Celebrating Black History Month

This Black History Month we celebrate the strength, resiliance, and achievement of Black communities in the Washington, DC area and beyond. Read on for a list of books on topics including the fight against segregation in education; jazz music; the impact of urban change on Black language; and much more.

Dirt Don't Burn by Edwin Washington Society CEO Larry Roeder and special editor Barry Harrelson is the inspiring, true story of a Black community that sheds new light on the history of segregation and inequity in American education.

"Let Us Go Free" by Xavier University professor C. Walker Gollar is a vivid and disquieting narrative of Jesuit slaveholding and its historical relationship with Jesuit universities in the United States.

Blacks and Jews in America by Harvard Divinity School professor Terrence Johnson and Georgetown University professor Jacques Berlinerblau is a Black-Jewish dialogue that lifts a veil on these groups’ unspoken history, shedding light on the challenges and promises facing American democracy from its inception to the present.

Between Freedom and Equality by Barbara Boyle Torrey and Clara Myrick Green is an original history of six generations of an African American family living in Washington, DC.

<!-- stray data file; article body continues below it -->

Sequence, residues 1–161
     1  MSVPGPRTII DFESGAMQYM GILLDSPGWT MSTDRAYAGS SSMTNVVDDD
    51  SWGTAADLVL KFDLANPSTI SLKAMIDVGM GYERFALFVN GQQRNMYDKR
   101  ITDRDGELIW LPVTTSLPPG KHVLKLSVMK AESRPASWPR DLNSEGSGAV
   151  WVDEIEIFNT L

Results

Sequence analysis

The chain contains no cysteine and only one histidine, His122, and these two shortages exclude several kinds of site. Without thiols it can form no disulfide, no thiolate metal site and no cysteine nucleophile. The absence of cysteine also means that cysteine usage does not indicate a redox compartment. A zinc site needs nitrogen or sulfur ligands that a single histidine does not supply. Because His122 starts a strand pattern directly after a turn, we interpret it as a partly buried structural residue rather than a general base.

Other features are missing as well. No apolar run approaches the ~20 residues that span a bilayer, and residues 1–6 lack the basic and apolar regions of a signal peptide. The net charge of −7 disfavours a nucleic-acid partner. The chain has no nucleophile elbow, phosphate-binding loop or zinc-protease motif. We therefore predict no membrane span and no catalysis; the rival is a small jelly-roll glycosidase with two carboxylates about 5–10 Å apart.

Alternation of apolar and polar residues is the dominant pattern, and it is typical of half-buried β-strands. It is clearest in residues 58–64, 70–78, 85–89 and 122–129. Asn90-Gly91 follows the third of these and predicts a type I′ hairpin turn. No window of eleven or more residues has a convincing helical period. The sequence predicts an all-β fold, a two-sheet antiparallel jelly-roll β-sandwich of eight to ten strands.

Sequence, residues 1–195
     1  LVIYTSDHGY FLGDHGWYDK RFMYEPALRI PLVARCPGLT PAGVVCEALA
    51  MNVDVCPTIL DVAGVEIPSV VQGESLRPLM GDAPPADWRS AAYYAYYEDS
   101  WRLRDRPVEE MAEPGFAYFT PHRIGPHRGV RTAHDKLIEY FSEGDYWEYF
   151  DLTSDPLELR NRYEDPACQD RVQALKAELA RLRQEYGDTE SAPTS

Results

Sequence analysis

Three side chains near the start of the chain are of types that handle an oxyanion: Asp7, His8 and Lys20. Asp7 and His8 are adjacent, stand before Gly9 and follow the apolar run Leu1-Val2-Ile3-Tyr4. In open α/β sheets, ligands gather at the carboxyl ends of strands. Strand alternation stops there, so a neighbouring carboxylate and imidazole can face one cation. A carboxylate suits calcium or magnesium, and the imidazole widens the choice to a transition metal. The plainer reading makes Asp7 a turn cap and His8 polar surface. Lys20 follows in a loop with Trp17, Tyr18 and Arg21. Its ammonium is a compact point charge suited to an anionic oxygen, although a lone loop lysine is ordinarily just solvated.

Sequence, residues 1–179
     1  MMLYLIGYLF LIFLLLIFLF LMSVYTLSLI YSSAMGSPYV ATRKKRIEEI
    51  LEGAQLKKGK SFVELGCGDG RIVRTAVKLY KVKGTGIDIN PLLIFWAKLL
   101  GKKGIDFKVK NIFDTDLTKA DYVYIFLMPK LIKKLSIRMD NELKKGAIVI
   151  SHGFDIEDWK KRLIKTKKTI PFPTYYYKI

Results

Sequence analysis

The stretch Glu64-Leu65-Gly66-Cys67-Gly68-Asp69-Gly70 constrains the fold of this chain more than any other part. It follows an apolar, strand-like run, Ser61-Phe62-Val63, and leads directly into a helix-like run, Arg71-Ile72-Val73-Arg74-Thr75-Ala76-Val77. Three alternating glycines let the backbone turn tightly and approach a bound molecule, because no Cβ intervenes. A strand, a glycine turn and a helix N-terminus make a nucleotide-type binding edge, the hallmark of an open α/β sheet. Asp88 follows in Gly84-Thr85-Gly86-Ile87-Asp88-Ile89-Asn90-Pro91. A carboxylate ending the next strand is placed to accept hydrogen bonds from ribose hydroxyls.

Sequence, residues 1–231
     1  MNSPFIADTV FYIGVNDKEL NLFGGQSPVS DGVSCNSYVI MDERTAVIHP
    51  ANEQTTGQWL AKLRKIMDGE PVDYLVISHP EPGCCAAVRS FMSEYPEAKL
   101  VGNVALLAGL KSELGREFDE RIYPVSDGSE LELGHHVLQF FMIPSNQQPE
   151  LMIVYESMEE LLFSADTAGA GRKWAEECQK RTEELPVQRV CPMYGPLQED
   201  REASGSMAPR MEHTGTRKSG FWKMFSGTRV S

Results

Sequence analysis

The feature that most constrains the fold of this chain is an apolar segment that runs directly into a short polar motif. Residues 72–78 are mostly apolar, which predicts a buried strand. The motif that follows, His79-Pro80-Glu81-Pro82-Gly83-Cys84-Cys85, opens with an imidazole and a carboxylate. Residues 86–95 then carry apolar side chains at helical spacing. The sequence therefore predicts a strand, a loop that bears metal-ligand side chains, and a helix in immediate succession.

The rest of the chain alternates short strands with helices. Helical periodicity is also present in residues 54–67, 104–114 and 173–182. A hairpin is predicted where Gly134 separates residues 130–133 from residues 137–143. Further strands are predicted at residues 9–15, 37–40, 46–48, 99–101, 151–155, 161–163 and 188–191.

The Black Side of the River by University of Tennessee, Knoxville professor Jessi Grieser is an insightful exploration of the impact of urban change on Black culture, identity, and language.

Black Georgetown Remembered reveals how Georgetown's little-known Black heritage shaped a Washington, DC, community long associated with white power and privilege.

DC Jazz by Maurice Jackson and Blair Ruble offers readers a collection of original and fascinating stories about the DC jazz scene throughout its history.

The Capital of Basketball by John McNamara is a celebration of DC area high school hoops that uncovers the turmoil in the lives of the players and area residents as they dealt with prejudice, educational inequities, and politics.

Facing Georgetown's History by Georgetown University Adam Rothman and Middlebury College professor Elsa Mendoza is a compilation of documents that, taken together, provides essential insight into Georgetown University's past involvement in the slave trade—and how we can reckon with that history today.